By: Jennifer Saba
With circulation declines hitting the industry, more and more newspapers are emphasizing readership and subscriber profiles. In 1999, the Audit Bureau of Circulations introduced a method for tracking reader profiles and did the same in 2001 for subscriber profiles. This month the board further revised these standards on the recommendation of the reader and subscriber profile committee, which consists of buyers, newspapers, magazines and researchers.
The board voted during its March 10-13 meeting to modify the policy on Newspapers in Education (NIE) copies for college students, qualifying copies that are paid for by a sponsor. Copies will now be classified as “registered college student copies” rather than the former “third party bulk.”
The board also unanimously approved the following changes regarding reader profiles: providing national newspapers the option to exclude reporting percentage of adult coverage, percent reach, and percentage of occupied household coverage; national newspapers can now choose to study geographic areas that are not necessarily adjacent or overlapping.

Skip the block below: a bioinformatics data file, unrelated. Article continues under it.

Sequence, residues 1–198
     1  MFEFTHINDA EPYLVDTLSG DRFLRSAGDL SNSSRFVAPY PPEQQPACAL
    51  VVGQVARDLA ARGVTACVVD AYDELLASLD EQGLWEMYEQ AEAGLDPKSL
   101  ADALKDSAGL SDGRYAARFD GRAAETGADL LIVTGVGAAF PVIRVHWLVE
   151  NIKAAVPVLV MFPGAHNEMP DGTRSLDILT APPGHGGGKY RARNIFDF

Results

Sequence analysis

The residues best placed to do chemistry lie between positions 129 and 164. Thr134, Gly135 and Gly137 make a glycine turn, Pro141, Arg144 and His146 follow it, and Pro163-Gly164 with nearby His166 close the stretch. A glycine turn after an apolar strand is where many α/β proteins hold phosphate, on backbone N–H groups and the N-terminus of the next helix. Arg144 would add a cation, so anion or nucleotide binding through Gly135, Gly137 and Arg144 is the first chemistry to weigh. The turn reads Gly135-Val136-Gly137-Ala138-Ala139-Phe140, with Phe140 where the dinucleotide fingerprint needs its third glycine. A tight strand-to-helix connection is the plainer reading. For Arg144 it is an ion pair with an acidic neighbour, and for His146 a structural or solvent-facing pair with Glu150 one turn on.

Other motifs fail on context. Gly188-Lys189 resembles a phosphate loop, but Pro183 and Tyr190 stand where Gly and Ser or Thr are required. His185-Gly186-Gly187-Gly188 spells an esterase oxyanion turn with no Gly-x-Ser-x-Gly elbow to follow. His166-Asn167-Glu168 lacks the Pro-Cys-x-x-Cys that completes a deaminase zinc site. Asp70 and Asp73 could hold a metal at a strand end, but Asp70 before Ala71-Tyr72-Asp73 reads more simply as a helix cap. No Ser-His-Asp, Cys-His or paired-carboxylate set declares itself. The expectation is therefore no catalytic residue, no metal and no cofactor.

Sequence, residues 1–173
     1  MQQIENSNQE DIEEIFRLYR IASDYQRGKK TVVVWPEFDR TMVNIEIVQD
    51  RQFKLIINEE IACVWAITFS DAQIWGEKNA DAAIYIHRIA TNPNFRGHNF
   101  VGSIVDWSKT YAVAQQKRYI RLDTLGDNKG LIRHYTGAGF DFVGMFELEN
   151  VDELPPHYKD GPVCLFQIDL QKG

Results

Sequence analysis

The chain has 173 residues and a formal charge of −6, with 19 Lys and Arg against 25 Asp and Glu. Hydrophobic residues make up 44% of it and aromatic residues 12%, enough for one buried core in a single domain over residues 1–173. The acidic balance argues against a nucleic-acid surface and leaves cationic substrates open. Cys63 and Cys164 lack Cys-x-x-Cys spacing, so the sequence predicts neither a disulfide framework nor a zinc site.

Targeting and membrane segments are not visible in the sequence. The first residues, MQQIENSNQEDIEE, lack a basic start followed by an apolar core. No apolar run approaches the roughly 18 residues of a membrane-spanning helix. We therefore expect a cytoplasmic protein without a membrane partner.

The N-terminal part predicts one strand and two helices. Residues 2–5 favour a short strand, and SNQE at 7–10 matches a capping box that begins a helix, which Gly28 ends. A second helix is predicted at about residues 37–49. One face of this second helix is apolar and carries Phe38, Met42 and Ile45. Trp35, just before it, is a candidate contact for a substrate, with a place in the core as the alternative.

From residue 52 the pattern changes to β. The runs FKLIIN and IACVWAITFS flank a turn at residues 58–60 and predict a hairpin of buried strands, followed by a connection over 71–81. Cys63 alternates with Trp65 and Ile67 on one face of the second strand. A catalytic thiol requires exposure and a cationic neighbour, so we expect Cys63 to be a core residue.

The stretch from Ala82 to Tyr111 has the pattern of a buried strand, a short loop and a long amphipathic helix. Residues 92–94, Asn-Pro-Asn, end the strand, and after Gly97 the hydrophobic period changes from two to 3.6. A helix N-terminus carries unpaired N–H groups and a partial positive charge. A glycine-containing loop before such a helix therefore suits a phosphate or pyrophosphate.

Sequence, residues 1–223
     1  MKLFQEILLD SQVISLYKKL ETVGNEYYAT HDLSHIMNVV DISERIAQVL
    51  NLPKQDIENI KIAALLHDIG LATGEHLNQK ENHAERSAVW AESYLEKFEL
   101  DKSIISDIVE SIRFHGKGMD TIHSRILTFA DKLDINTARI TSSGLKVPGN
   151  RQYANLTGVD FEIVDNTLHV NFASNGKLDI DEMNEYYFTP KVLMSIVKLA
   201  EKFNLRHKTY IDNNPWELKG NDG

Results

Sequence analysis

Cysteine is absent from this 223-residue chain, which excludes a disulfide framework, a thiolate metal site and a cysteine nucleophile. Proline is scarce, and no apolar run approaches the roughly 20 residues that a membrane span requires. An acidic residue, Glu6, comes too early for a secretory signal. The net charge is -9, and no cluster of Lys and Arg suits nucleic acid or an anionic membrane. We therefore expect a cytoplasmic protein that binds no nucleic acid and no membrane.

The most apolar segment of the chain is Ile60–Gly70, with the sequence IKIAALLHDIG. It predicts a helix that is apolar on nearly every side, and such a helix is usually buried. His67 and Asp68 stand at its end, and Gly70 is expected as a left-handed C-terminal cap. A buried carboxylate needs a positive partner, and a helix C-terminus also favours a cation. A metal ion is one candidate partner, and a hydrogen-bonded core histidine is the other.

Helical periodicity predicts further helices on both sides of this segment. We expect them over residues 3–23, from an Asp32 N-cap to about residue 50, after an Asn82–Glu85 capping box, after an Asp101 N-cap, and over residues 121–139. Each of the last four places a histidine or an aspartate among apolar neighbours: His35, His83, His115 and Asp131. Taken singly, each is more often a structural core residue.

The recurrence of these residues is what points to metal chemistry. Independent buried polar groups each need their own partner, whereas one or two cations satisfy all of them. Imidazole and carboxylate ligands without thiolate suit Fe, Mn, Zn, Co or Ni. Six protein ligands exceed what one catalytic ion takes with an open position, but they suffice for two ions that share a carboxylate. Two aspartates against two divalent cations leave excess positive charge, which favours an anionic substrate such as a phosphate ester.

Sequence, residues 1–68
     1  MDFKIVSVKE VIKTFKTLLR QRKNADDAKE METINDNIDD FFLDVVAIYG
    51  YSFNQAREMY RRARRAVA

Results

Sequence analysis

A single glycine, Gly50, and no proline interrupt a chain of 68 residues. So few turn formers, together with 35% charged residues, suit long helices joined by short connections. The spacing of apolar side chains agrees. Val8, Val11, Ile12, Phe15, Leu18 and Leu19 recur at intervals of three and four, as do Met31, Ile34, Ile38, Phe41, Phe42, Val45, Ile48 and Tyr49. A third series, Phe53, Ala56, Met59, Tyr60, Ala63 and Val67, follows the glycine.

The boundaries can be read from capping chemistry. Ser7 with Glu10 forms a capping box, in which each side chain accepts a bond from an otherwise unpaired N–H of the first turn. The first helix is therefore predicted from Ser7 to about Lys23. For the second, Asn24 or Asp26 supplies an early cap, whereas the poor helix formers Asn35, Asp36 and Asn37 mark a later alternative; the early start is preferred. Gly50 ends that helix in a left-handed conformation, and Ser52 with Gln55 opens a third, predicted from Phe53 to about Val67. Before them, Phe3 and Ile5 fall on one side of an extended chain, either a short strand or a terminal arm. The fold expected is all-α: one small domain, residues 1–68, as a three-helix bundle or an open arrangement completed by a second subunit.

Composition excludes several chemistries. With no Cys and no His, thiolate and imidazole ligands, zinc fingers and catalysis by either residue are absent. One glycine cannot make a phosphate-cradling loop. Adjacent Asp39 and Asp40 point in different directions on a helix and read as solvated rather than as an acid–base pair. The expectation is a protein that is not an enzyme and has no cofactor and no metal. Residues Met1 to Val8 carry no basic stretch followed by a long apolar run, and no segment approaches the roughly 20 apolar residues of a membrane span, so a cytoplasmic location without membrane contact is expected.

The board also voted to remove the current 36-month period for subscriber profile reports and require a prominent notation of the date the study was conducted. It also approved a new subscriber profile standard to allow for group or combined reporting; and allow both the reader and subscriber profiles to publicize their studies’ results prior to the release of the final audit document.
The ABC board of directors meets three times a year — March, July and November.
ABC also announced today expansion plans for its training programs addressing circulation, verified readership, subscriber research and online data.